An article in the Times Colonist recently started me thinking again about the possibility for a Heritage Economy. The editorialist of the said piece remarked that $11.5 million was a lot of money to spend "on plaques, monuments, battle re-enactments, films, plays and concerts to recognize a war on Canadian soil declared, largely fought and concluded by other players."
It might be noted that figure is less than half of what had originally been allocated.
And while $11.5 million might seem like a lot to most of us, especially compared with the average Canadian individual salary, it's a drop in the bucket when compared to bigger expenditures, such as international meetings. It's also a little more than double what is allotted annually to a tribunal set up to deal with public sector job disputes - except that $11.5 million must fund three years of events and projects across Canada.
The Times Colonist article also discredits deeper strategies for economic development, which begs the question, is it possible to leverage the War of 1812 Bicentennial to foster a Heritage Economy? In offering a place to connect business owners, craftspeople and tourism operators, do we not have an opportunity here for lasting change?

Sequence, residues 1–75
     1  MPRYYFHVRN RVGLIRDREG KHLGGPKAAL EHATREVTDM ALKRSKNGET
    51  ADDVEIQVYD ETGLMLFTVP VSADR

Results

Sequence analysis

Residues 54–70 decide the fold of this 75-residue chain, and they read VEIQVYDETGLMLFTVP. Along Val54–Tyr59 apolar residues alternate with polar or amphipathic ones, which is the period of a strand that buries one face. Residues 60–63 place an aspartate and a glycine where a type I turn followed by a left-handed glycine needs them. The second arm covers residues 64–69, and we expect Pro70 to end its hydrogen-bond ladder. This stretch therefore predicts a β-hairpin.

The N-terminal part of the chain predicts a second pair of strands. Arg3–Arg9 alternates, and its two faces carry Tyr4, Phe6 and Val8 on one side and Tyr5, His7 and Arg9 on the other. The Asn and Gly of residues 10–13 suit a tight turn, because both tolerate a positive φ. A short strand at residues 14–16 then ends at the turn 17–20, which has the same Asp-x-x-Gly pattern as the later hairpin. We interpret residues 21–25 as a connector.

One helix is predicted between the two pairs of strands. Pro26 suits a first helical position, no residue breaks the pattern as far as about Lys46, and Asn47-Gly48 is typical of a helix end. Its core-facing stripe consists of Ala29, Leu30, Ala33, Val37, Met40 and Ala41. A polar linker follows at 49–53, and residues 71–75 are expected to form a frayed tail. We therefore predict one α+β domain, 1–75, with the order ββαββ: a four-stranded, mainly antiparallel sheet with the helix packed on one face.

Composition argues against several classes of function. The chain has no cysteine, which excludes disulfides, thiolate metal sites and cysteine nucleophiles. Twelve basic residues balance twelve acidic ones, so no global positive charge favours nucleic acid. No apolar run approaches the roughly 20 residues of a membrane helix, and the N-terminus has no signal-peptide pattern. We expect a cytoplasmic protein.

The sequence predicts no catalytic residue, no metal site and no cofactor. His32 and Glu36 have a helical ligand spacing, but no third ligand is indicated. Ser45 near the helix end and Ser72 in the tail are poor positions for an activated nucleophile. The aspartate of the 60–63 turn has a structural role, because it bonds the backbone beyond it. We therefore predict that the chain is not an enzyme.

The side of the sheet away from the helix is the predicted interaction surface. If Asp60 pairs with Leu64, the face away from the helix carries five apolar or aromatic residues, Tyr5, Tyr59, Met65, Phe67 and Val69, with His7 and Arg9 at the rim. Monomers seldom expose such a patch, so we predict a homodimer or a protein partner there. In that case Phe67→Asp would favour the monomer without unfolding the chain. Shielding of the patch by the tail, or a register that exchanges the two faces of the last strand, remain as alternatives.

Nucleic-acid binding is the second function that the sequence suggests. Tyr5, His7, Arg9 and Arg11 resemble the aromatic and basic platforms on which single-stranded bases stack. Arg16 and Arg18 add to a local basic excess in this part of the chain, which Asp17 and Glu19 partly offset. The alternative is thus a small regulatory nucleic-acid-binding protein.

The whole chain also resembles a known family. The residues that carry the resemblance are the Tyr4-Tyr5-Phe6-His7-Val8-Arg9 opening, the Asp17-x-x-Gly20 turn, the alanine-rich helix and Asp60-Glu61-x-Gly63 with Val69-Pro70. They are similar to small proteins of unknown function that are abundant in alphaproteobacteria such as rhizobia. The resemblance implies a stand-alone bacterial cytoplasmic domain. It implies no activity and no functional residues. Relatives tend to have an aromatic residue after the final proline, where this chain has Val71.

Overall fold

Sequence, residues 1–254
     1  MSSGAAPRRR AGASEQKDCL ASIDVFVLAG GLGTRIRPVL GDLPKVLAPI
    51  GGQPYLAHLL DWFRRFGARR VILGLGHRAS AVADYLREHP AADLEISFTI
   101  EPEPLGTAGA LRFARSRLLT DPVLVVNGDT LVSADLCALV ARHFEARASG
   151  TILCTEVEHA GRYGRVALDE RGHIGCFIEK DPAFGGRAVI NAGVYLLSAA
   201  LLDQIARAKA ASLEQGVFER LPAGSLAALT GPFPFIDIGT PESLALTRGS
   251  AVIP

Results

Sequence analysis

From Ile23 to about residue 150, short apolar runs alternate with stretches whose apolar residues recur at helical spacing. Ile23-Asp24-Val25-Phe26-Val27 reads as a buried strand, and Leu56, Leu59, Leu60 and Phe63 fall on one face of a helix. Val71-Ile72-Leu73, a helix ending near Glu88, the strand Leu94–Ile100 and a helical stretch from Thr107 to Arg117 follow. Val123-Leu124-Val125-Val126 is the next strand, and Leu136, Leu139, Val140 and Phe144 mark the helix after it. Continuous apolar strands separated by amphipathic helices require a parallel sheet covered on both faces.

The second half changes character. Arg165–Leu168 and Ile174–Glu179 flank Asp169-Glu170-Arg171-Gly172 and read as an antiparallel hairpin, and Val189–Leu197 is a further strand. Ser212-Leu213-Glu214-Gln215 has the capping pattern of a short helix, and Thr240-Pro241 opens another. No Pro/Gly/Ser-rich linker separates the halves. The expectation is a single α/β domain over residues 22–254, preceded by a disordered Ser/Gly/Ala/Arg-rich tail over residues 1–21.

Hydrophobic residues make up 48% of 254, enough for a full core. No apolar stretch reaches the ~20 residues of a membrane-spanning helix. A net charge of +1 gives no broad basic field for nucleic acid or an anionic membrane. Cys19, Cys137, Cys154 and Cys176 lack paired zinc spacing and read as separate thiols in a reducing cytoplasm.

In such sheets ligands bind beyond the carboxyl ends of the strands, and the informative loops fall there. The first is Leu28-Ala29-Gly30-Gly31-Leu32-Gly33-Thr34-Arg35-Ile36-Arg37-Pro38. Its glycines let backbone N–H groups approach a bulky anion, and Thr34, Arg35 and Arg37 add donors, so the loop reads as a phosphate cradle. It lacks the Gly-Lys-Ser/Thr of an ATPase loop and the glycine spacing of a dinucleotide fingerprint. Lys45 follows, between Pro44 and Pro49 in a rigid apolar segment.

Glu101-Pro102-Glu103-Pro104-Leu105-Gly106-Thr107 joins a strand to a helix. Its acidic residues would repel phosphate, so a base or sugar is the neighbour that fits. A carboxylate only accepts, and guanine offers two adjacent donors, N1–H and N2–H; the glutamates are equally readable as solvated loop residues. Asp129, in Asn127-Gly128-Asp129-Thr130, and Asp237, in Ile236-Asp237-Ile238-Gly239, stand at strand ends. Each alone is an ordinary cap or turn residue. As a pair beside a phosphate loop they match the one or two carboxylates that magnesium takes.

Personally, I think in Eastern Ontario we have a golden opportunity - and to that end, let's think beyond events and plaques, and show naysayers what can be done.
What are your thoughts?
I guess noone has commented on this, but it is important. I work on helping countries estblish the impact of their heritage and 'cultural industries'.
some areas where one could trace impact and where emphasis on outcomes might be placed.
- education; as a result of 2012-4 will the events of 1812-4 take a higher profile in schools. will peoples understanding of what took place change (as history always does!!)
- cultural assets; hopefully some of our museums will be strenghtened with new exhibits and new revenue stremas which will allow them to conserve and protect and disseminate our heritage
- improved knowledge; it is clear that the campaign is already attracting more research and new evidence and artifacts will come to life. I am an example of this - having focussed on othe epochs I now devote a lot f time ot 1812. I now have the faces of 11 friends of my 1812 ancestors and have rediscovered a 'lost' lbum of watercolours of the period
- strategically everyone agrees that War of 1812 place in history is underestimated. overall one will hope that after 2014 its place in Canadian history will have been thoroughly re-evaluated